Over breakfast I asked him how long he had been dusting crops. “Four years,” he said, and the figure stalled in the air between us for a moment. “You know you’re going to die at it someday,” he added. “We all know it. We accept that; it’s part of it.” I think now that, since the crop duster was in his twenties, he accepted only that he had to say such stuff; privately he counted on skewing the curve. I suppose Rahm knew the fact, too. I do not know how he felt about it. “It’s worth it,” said the early French aviator Mermoz. He was Antoine de Saint-Exupéry’s friend. “It’s worth the final smashup.” Rahm smashed up in front of King Hussein, in Jordan, during a performance. The plane spun down and never came out of it; it nosedived into the ground and exploded.

Amidst a cultural sensibility where we use tangible art to anchor ourselves to the present, to ourselves, to life, Dillard — in her signature habit of gently, pointedly pulling at the loose threads of which the meaning of life is woven — pulls some of our core assumptions into question, at once uncomfortable and beautifully liberating:

“Purity does not lie in separation from but in deeper penetration into the universe,” Teilhard de Chardin wrote. It is hard to imagine a deeper penetration into the universe than Rahm’s last dive in his plane, or than his inexpressible wordless selfless line’s inscribing the air and dissolving. Any other art may be permanent. I cannot recall one Rahm sequence. He improvised. If Christo wraps a building or dyes a harbor, we join his poignant and fierce awareness that the work will be gone in days. Rahm’s plane shed a ribbon in space, a ribbon whose end unraveled in memory while its beginning unfurled as surprise. He may have acknowledged that what he did could be called art, but it would have been, I think, only in the common misusage, which holds art to be the last extreme of skill. Rahm rode the point of the line to the possible; he discovered it and wound it down to show. He made his dazzling probe on the run. “The world is filled, and filled with the Absolute,” Teilhard de Chardin wrote. “To see this is to be made free.”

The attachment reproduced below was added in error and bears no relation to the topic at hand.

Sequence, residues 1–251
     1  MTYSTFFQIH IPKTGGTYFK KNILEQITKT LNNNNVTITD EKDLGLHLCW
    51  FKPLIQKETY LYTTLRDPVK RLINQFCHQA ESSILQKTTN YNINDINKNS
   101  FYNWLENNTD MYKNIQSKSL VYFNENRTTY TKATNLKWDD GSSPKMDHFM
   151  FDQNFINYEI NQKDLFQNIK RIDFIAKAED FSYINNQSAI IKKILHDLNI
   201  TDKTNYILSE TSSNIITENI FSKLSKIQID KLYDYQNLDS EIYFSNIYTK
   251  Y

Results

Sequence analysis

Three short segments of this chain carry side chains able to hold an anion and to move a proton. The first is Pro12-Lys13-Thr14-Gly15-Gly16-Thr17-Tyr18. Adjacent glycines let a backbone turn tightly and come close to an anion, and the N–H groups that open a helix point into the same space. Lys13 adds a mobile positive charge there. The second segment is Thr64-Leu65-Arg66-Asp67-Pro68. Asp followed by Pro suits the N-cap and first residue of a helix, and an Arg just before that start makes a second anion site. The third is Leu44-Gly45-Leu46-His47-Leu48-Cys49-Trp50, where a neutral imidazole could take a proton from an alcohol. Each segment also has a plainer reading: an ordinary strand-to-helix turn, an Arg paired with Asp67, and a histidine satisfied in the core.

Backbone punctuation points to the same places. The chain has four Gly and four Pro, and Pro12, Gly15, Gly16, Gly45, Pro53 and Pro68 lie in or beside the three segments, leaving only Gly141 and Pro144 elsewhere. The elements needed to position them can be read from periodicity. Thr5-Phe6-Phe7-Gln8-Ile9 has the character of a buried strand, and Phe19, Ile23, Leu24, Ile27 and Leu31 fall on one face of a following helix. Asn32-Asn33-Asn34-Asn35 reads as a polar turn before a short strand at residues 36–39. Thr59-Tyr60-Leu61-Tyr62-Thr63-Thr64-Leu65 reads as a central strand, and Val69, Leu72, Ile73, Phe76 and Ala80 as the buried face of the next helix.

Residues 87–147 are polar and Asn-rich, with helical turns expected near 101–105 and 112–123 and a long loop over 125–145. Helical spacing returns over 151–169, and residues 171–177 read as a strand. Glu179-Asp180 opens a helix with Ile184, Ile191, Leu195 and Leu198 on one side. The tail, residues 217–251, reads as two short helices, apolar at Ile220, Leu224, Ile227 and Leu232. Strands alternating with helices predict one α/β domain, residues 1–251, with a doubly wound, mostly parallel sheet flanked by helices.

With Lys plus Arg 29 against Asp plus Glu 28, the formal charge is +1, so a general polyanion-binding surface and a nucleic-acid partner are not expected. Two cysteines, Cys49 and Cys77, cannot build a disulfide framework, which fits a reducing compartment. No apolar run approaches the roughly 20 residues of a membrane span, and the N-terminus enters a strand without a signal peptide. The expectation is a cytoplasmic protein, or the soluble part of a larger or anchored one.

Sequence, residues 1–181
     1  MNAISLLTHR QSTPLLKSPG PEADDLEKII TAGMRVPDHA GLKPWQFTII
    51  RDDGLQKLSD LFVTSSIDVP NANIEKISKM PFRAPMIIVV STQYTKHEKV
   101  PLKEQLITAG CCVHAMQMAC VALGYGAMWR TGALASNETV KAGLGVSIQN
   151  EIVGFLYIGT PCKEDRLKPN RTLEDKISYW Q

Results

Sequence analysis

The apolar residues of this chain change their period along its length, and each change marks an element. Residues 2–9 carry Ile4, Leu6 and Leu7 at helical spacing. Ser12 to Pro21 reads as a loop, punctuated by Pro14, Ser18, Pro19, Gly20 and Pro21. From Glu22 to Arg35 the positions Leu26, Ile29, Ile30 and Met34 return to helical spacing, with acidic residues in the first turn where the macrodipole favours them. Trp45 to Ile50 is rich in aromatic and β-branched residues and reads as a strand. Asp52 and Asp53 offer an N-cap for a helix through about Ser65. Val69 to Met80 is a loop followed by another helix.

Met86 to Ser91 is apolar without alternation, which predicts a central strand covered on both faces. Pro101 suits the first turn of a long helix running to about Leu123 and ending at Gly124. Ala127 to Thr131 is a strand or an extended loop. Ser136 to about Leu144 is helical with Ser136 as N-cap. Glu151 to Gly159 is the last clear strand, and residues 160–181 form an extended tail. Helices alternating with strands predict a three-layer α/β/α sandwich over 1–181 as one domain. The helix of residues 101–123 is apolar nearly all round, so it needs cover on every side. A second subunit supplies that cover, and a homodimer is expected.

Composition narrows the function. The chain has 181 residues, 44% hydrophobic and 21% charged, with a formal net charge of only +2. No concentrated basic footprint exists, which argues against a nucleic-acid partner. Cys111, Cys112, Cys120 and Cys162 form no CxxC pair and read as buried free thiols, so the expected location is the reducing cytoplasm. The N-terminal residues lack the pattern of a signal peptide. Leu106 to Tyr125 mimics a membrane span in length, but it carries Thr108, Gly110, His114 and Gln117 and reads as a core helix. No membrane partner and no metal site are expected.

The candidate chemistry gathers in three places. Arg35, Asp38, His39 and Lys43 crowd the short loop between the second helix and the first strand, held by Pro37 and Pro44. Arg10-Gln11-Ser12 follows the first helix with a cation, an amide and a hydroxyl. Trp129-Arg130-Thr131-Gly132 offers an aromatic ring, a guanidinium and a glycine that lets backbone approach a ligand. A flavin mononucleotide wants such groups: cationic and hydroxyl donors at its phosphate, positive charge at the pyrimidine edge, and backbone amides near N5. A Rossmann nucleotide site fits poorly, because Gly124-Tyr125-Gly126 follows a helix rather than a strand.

No words can be written to articulate just how fantastic — how necessaryThe Writing Life is in its entirety.

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19 JUNE, 2013

Kierkegaard on Why Anxiety Powers Creativity Rather Than Hindering It

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“Because it is possible to create — creating one’s self, willing to be one’s self… — one has anxiety. One would have no anxiety if there were no possibility whatever.”

“Anxiety is love’s greatest killer,” Anaïs Nin famously wrote. But what, exactly, is anxiety, that pervasive affliction the nature of which remains as drowning yet as elusive as the substance of a shadow? In his 1844 treatise The Concept of Anxiety (public library), Danish philosopher Søren Kierkegaard (1813–1855) explains anxiety as the dizzying effect of freedom, of paralyzing possibility, of the boundlessness of one’s own existence — a kind existential paradox of choice. He writes:

Anxiety is a qualification of dreaming spirit, and as such it has its place in psychology. Awake, the difference between myself and my other is posited; sleeping, it is suspended; dreaming, it is an intimated nothing. The actuality of the spirit constantly shows itself as a form that tempts its possibility but disappears as soon as it seeks to grasp for it, and it is a nothing that can only bring anxiety. More it cannot do as long as it merely shows itself. [Anxiety] is altogether different from fear and similar concepts that refer to something definite, whereas anxiety is freedom’s actuality as the possibility of possibility.

[…]